Believe it or not, a herd of about 40 yaks resides in the Sierra Valley — in Calpine, California, to be exact. If you are wondering how these cute little shag devils ended up right outside of Truckee, look no further than the Bering Strait — whoops, I mean Jenna and Greg Gatto’s place. Choosing not to raise cattle, the Gattos searched far and wide to fill the bovine void, finally settling on the Central Asian fuzzy cow (also known as Bos grunniens, the grunting ox, aka yak). Yaks do not moo; they grunt. This sound is similar to the one I made when getting head-butted — actually, playfully slammed — in the chest by one at the Gattos’ farm.
The Gattos started with one yak from Idaho, and now have 35 of the little monsters. If you don’t know what a yak is, let me tell you. A yak is a smallish, shaggy, domesticated ox with a docile attitude and a knack for living at altitude (a high altitude, like, 17,000 feet, which is probably higher than Granite Peak). That might not be the Merriam Webster definition, and I might be wrong on most of my facts, but I think I’m close enough to give you a picture.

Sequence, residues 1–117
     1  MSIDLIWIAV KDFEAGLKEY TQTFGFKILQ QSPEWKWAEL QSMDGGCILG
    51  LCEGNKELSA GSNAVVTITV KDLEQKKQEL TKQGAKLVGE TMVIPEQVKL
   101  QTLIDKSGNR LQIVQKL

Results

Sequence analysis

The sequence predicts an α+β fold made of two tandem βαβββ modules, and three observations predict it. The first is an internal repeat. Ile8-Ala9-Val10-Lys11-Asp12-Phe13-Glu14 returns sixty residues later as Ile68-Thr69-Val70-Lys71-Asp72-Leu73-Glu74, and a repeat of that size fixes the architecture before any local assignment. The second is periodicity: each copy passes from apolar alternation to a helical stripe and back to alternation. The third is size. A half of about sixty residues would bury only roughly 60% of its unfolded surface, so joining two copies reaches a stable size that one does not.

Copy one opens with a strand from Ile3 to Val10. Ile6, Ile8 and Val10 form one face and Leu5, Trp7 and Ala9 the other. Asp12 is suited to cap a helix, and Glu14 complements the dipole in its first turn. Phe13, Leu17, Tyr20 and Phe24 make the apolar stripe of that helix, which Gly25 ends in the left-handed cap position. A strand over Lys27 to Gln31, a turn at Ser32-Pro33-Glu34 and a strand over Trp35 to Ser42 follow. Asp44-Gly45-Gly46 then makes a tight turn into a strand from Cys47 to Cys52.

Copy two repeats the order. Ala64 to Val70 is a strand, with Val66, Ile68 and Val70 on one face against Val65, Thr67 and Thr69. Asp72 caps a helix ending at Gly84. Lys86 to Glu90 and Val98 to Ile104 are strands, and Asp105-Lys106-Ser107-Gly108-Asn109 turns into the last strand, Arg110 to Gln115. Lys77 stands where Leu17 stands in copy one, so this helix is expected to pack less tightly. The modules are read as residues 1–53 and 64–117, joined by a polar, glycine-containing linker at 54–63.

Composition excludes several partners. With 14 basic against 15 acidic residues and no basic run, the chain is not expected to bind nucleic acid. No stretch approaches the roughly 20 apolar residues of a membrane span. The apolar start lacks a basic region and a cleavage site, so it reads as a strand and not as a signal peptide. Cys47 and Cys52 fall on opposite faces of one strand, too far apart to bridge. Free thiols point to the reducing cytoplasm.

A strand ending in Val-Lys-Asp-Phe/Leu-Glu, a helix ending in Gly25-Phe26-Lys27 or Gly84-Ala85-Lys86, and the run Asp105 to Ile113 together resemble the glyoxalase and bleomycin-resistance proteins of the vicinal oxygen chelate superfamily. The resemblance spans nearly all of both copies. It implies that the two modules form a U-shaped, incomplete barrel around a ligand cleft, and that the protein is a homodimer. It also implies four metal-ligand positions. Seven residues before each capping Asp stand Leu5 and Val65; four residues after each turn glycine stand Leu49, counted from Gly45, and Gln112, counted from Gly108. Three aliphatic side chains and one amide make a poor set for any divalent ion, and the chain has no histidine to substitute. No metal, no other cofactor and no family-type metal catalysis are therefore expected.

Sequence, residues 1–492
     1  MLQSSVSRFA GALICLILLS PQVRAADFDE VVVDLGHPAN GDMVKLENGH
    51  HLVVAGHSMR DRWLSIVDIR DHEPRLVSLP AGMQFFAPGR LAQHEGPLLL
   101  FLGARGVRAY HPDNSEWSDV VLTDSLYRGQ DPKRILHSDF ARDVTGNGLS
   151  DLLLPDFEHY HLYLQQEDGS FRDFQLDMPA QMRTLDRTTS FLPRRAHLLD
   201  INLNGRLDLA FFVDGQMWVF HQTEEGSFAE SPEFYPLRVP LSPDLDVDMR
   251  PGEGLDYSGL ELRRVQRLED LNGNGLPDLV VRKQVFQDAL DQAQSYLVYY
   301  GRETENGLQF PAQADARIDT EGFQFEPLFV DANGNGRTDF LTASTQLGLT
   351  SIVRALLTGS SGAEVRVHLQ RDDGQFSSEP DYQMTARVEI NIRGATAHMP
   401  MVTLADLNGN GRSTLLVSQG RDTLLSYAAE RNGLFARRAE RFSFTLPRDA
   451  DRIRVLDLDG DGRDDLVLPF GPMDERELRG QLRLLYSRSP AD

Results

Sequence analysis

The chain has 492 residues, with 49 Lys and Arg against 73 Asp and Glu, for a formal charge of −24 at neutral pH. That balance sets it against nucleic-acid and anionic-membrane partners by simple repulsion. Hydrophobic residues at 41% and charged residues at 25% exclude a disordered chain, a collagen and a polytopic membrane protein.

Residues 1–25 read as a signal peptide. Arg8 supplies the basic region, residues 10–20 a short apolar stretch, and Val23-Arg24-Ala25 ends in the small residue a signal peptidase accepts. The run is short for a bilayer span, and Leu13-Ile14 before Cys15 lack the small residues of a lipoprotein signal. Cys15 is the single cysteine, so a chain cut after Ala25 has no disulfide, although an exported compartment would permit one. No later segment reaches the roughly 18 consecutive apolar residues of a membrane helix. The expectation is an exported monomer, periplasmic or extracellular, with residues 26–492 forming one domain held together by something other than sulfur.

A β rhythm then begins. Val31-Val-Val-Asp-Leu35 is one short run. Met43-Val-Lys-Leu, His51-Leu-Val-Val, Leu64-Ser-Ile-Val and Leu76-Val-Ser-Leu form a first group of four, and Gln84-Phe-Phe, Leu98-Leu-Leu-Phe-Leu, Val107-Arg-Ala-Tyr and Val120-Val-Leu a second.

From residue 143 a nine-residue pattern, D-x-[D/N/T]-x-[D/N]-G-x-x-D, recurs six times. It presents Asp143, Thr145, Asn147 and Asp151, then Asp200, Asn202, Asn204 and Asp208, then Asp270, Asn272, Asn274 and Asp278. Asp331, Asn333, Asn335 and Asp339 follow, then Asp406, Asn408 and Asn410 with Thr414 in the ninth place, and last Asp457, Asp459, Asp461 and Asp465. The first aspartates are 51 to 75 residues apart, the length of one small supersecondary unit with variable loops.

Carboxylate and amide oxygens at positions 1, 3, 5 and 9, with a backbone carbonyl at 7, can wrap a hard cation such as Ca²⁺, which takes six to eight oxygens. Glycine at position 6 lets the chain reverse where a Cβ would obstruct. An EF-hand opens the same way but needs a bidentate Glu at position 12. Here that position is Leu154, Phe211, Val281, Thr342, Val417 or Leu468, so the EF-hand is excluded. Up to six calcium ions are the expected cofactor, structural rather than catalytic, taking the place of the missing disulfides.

Speaking of getting pictures and also circling back to the head-butting, I lied. I did not get headbutted. BUT. I did get the shot. When I was kneeling in the pasture, checking my exposure and focus amid the serene setting sun and surrounded by the grunting sheep cows, Greg Gatto was carefully watching my back, for there was a mischievous yak afoot.
Although Greg promised me that Matilda would not harm me, I found out that the little gal took every chance she could get to charge my blind side. I am no stranger to playful livestock, so I risked dangerous head cuddles to bring you these photos. While I sat in the field, looking for the perfect angle, I thought to myself how hilarious and awesome these things were. They are like cows but dogs at the same time, and each had its own persona. Maybe we aren’t that different, yaks and I …
The point I’m getting at is that these yaks have spice, and by spice, I mean flavor. By flavor I mean spunk. Not only do they have their own, unique names, such as B116, 2D090, and my personal favorite, 2D083, but they also harbor very adorable personalities. There is the leader, Amelia, the cuddle bugs, Sprite and Princess (both were bottle-raised), the worrying mother Kinnzie, and the troublemaker, Matilda. I’m only halfway joking about the numbered names. Each original cow monster goes by the name of a powerful woman or Stranger Things character.
Having spent over an hour with the Gattos, I can see where their strange yak ladies find their power. It’s neither easy nor practical to raise a herd of yaks in the Sierra, but these two work hard and I would expect to see organic yak milk, gluten-free yak burgers, and cozy yak sweaters on your local grocery store shelves very soon.